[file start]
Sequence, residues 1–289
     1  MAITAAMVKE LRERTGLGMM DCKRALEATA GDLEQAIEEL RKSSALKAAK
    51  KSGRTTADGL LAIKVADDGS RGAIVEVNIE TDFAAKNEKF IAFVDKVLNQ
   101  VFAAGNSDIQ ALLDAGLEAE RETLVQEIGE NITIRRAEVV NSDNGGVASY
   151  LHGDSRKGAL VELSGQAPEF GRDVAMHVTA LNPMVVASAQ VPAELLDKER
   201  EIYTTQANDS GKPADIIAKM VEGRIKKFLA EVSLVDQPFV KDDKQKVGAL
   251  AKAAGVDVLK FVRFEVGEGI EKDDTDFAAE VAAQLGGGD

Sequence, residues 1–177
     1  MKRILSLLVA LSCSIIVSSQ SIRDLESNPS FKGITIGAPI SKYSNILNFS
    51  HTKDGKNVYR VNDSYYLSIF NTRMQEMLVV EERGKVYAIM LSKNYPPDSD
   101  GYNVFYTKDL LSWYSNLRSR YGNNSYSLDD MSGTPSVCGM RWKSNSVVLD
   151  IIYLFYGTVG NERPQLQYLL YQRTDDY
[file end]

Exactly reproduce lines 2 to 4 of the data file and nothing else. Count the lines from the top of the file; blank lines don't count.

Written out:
     1  MAITAAMVKE LRERTGLGMM DCKRALEATA GDLEQAIEEL RKSSALKAAK
    51  KSGRTTADGL LAIKVADDGS RGAIVEVNIE TDFAAKNEKF IAFVDKVLNQ
   101  VFAAGNSDIQ ALLDAGLEAE RETLVQEIGE NITIRRAEVV NSDNGGVASY